Source: SOUTH DAKOTA STATE UNIVERSITY submitted to
THE SCIENCE AND ENGINEERING FOR A BIOBASED INDUSTRY AND ECONOMY
Sponsoring Institution
National Institute of Food and Agriculture
Project Status
REVISED
Funding Source
Reporting Frequency
Annual
Accession No.
1017669
Grant No.
(N/A)
Project No.
SD00R676-19
Proposal No.
(N/A)
Multistate No.
S-1075
Program Code
(N/A)
Project Start Date
Oct 1, 2018
Project End Date
Sep 30, 2023
Grant Year
(N/A)
Project Director
Wei, LI.
Recipient Organization
SOUTH DAKOTA STATE UNIVERSITY
PO BOX 2275A
BROOKINGS,SD 57007
Performing Department
Agricultural & Biosystems Engineering
Non Technical Summary
The challenges posed by this new century in terms of energy and food demand will require advances in technology, sustainability, and work force development. Renewable energy, biofuels, and bio-based products offer alternatives to traditional sources of energy and products typically obtained from finite reserves. However, increased use of renewable resources will require deliberate development of technologies for efficient resource use as driven by three converging issues: (1) shrinking of productive agricultural land areas under urbanization pressures; (2) clearing of land areas using unsustainable methods; and (3) increasing world population with an increased standard of living, including a demand for a cleaner environment. These issues are related to bio-based products, agricultural coproducts, rural community development and revitalizing rural economies. The proposed project is designed to address these limitations, building on research findings of the 20013 - 2018 cycle of the S-1041 project. Replacing sequestered carbon energy production with that produced by renewable sources continues to require significant fundamental and applied research efforts. The members of this project will formally collaborate and disseminate their results at the following professional meetings: American Society of Biological and Agricultural Engineers (ASABE) section meetings FPE-709, BE-28, PM-23/7/12 and T-11; American Institute of Chemical Engineers (AIChE); American Oil Chemists Society, (AOCS); American Chemical Society (ACS); and, the National Biodiesel Board.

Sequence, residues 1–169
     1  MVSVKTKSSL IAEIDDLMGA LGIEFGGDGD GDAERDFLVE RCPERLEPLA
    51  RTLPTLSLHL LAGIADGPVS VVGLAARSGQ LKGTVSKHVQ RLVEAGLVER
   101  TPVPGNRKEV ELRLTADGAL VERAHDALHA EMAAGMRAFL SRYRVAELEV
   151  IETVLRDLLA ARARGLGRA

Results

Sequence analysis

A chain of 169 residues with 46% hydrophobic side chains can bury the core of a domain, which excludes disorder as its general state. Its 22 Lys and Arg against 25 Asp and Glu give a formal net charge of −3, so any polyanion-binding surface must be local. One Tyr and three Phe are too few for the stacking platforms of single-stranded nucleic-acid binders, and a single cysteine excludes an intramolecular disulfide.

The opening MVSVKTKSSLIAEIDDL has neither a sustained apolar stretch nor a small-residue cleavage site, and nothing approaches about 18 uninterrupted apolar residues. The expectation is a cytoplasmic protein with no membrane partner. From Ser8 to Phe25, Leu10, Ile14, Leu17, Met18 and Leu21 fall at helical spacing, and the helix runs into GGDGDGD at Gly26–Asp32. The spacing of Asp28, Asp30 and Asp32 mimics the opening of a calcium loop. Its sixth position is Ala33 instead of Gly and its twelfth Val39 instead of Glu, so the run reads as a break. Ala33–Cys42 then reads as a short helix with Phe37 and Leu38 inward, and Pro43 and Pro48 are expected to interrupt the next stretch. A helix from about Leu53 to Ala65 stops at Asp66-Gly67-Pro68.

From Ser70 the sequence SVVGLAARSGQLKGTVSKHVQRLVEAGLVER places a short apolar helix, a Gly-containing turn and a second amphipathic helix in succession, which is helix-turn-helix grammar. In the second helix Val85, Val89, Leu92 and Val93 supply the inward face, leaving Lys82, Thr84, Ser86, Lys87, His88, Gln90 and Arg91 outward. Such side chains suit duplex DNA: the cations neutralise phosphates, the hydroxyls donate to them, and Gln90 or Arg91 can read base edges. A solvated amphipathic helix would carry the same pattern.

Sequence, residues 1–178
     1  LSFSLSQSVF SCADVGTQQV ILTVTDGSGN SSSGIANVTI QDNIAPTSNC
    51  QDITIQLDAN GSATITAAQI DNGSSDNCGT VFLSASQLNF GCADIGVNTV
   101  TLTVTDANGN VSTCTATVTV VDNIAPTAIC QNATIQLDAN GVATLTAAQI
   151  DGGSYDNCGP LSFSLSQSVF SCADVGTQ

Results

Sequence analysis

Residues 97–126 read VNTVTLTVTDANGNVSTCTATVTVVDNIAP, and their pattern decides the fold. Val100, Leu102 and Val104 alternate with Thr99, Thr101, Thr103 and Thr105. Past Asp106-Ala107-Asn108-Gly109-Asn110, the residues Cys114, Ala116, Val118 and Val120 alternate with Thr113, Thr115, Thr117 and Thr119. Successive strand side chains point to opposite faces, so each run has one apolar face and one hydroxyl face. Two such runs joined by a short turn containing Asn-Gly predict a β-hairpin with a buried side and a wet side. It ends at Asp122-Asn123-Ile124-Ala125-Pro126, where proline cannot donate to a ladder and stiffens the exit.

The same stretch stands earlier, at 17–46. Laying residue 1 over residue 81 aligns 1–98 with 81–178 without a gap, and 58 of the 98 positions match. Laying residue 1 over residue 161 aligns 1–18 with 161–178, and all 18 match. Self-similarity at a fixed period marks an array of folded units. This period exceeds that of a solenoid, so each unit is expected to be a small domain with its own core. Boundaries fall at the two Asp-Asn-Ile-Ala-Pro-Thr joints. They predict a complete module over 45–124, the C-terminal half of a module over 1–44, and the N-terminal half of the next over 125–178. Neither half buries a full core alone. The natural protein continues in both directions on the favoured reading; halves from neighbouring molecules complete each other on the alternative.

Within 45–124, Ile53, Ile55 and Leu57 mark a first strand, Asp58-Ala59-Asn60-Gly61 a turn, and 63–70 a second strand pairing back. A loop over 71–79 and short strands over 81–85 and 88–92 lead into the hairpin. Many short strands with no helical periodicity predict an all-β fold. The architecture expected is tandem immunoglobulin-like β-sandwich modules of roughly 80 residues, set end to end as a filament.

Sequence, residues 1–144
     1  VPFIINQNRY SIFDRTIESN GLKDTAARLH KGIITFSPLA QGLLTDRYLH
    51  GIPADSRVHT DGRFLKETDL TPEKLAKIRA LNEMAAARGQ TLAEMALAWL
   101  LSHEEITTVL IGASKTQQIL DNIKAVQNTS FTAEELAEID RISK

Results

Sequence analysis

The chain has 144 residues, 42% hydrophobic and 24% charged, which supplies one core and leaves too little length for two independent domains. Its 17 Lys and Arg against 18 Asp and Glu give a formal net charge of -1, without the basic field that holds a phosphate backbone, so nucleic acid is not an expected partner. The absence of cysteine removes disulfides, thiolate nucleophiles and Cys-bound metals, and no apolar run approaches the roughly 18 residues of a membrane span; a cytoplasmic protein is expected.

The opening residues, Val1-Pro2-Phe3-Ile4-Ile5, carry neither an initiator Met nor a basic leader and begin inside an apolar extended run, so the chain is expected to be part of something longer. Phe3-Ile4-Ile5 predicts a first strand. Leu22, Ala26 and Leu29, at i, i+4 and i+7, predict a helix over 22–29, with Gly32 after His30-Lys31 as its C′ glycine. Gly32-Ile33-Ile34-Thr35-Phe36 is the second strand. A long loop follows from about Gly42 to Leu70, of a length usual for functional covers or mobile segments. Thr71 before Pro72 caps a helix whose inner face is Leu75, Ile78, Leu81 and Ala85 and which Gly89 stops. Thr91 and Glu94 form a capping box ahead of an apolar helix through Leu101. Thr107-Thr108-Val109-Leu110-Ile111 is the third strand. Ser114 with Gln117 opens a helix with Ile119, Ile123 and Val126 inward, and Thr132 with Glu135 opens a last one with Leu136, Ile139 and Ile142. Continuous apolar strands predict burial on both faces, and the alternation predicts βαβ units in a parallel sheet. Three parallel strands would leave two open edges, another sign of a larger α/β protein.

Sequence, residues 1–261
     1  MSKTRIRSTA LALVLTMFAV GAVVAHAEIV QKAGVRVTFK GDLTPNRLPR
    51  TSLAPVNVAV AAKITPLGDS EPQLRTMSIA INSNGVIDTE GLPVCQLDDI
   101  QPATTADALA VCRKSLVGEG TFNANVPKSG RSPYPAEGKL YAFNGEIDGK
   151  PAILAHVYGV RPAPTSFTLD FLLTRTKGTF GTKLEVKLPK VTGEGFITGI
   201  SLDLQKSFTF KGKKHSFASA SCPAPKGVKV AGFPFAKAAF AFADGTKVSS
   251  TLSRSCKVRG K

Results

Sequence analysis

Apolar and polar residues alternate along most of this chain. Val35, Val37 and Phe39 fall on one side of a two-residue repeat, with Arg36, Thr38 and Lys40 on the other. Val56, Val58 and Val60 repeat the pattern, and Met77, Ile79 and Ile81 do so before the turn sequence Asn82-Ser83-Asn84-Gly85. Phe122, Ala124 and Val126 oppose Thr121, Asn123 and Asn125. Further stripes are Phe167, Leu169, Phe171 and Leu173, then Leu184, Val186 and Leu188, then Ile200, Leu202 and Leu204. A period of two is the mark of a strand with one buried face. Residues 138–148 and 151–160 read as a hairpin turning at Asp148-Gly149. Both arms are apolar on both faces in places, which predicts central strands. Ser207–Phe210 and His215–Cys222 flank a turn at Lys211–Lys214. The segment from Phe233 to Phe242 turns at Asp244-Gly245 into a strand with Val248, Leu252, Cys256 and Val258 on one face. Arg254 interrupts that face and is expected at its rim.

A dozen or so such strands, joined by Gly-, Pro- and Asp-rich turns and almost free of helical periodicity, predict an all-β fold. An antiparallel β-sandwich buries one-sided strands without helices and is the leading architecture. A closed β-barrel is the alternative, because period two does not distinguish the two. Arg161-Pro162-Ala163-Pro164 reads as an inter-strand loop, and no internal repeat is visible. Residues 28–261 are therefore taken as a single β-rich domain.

Animal Health Component
0%
Research Effort Categories
Basic
20%
Applied
50%
Developmental
30%
Classification

Knowledge Area (KA)Subject of Investigation (SOI)Field of Science (FOS)Percent
60574102020100%
Goals / Objectives
Develop deployable biomass feedstock and supply knowledge, processes and logistics systems that economically deliver timely and sufficient quantities of biomass with predictable specifications to meet efficient handling, storage and conversion process requirements Research and develop technically feasible, economically viable and environmentally sustainable technologies to convert biomass resources into chemicals, energy, materials in a biorefinery methodology including developing co-products to enable greater commercialization potential. Perform system analysis to support and inform development of sustainable multiple product streams (chemicals, energy, and materials) and use the insights from the systems analysis to guide research and policy decisions
Project Methods